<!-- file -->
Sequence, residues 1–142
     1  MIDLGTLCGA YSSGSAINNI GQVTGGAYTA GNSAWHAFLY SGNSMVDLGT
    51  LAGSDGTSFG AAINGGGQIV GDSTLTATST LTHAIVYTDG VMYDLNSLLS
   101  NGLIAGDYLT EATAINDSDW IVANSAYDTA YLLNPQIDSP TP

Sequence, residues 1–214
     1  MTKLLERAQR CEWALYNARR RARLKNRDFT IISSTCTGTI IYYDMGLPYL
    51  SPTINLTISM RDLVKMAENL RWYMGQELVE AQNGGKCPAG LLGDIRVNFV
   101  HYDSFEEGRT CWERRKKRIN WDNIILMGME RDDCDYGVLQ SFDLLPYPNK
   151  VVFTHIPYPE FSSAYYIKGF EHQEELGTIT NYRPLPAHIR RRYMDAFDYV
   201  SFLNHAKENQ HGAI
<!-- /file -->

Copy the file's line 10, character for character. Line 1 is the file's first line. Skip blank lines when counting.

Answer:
   201  SFLNHAKENQ HGAI